The Power of Streaming
Immediacy has become an expectation of many gamers, and the PS4 has been designed around that concept. All loading will take place in the background. Games that you buy on the PlayStation Store can be played even as they download.
Dave Perry takes the stage. CEO of Gaikai. Perry explains how Gaikai’s cloud technology will affect gamers. Demos will be streamed live, meaning you can instantly experience any game right from the PlayStation Store.
Remote play is going to be built into the architecture of the PS4. The Vita will become “the ultimate companion device for the PS4.” It sounds like any PS4 game can be streamed live to the Vita. Transmission times have been dramatically reduced to make everything quick and snappy. The long-term vision is to make all previous Playstation games available on any of your hardware.
Some developers talk about how the improved Playstation Network will affect their games. Tim Schafer, Dave Perry, Shuhei Yoshida and others offer their gratitude hat Sony took the time to ask for their input. The PS4 is meant to be aware of the player and the environment they’re playing in. They talk about how the integration of other devices is going to make for a more seamless experience.
Finally, a live demo. They show a fantasy scene running on Unreal Engine 4.
They’ve modified the GPU to make development easier. A Havok engine demo shows a million blue objects raining down on a city, all of them colliding against each other in real time.
New game announcement! Looks remarkably like a Dreamworks animation. Being developed by Sony Japan Studio. The universe of this game seems rich and features some kind of battle between scientists and goblins. The robot protagonist of this game is made of hundreds of particles that can rearrange to take on a variety of situations. The robot, named Knack, is shown as a large, burly fighter and a tiny reconnaissance bot.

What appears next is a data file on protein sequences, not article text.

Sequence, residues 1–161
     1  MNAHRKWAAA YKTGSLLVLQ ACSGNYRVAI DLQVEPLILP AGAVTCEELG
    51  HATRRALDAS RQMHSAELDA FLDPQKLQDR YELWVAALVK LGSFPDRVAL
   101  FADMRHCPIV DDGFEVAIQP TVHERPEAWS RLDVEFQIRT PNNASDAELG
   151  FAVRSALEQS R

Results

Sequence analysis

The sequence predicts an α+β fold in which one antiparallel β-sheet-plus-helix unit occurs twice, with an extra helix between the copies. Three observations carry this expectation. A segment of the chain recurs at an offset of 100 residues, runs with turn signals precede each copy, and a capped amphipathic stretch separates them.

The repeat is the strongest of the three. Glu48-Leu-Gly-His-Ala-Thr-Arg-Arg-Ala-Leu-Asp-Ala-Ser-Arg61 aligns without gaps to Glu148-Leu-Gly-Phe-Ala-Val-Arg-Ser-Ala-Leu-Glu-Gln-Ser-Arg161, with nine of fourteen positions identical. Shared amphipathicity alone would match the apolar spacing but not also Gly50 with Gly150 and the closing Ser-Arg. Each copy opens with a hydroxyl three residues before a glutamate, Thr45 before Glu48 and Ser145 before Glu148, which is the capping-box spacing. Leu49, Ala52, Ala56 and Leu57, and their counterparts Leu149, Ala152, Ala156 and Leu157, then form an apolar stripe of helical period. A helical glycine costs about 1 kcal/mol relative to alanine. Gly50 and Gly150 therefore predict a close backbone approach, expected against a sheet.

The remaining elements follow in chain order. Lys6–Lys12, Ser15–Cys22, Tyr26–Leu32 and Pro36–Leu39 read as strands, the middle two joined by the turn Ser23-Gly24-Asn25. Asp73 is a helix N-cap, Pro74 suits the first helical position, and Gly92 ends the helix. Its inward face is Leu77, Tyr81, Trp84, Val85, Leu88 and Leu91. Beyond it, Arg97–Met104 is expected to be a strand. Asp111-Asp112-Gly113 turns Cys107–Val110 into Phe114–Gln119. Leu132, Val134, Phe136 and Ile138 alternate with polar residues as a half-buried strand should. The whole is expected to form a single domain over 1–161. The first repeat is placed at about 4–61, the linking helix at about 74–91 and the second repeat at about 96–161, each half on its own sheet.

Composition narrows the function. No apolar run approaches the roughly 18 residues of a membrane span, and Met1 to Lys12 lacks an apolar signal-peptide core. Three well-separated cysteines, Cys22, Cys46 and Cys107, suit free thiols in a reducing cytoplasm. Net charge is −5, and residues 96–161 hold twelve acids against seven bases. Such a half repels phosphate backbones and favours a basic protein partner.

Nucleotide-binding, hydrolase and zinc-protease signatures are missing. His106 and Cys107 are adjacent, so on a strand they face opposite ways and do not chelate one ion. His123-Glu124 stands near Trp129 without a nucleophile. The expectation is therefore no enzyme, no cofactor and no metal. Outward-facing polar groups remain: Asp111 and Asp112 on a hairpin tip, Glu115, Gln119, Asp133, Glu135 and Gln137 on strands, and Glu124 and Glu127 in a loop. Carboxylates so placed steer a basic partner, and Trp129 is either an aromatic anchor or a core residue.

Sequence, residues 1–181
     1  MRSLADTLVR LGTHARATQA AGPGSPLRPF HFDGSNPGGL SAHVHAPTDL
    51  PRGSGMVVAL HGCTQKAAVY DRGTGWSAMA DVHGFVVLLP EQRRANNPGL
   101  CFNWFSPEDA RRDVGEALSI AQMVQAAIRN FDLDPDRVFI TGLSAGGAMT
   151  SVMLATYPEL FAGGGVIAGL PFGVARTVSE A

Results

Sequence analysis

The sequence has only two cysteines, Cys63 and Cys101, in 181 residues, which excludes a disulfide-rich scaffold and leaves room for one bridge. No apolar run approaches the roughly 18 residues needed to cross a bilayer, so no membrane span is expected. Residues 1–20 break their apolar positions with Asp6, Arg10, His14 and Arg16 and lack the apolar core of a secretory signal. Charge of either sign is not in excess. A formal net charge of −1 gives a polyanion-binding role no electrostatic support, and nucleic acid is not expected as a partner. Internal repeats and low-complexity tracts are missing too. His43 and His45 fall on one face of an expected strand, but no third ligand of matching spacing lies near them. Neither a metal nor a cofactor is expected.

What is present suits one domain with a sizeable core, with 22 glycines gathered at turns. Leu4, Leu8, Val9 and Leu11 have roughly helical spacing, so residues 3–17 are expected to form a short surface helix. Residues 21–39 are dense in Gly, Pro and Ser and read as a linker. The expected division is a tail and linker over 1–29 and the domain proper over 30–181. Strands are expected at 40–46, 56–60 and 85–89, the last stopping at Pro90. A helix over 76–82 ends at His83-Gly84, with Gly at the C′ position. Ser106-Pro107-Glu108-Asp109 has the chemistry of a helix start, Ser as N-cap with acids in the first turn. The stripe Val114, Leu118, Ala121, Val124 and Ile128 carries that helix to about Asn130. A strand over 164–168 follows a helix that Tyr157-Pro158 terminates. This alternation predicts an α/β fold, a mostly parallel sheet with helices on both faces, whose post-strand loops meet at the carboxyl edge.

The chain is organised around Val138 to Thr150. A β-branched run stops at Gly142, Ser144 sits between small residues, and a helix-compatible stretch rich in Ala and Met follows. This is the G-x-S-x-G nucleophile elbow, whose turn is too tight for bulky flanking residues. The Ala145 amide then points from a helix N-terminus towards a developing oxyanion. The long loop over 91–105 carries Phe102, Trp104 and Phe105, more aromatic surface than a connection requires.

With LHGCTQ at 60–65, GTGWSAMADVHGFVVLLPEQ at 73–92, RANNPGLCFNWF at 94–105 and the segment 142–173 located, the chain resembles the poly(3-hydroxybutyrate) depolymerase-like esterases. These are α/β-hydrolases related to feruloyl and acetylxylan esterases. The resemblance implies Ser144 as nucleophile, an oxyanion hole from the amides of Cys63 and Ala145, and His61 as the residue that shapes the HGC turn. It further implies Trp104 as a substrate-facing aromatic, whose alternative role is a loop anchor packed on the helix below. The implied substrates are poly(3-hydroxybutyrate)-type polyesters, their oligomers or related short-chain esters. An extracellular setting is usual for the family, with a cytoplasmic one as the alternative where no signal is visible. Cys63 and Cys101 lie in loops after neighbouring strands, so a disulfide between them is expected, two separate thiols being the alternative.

Guerilla Games takes the stage to talk about Killzone Shadowfall. The demo video opens with the player flying over an intricate city with floating pylons in the background. After landing, the player follows some soldiers along some futuristic walkways. The animation is fairly impressive and the environment is truly gorgeous. Civilians carry on their individual conversations as you walk by. Suddenly, a nearby building explodes and the screen goes black. You wake up to the sound of screams and calls for help. A fellow soldier is resuscitating a civilian when a Helghast walks up and shoots him in the head. The player jumps to his feet and assassinates the Helghast, stealing his gun. A heated firefight ensues. It looks really awesome. Eventually, the player finds himself on top of a skyscraper and has to leap off to grab a rope hanging from a helicopter. Oh man it’s awesome.
Next up, Driveclub? Evolution studios is developing it. It’s a team-based racing game. Gameplay isn’t specifically about races; It’s about challenges. Can play any time of day, any time of the year. Seems like this game is designed to have a lot of replay value, allowing players to set up tournaments for any number of players. The cars are gorgeous, every detail modeled in polygons with super high resolution textures. Reflections appear in real-time and look crisp. They show the game streaming to various devices.
The next game on show is about characters with superhuman abilities. Nate Fox introduces Sucker Punch’s latest game. The demo begins with
Jonathan Blow takes the stage. Shows off The Witness, a new puzzle game. It’s bright and colorful with some cheery music.
David from Quantic Dream is brought on the stage. He talks about how emotion is one of the most important aspects of game design. He shows off a chart marking how many polygons have been used in Quantic’s characters over the years, ending with a whopping 30,00 for a character from Beyond Two Souls. They want to display subtle emotion on the characters.
Media Molecule takes the stage. They show off a sculpting game that uses the Move controller.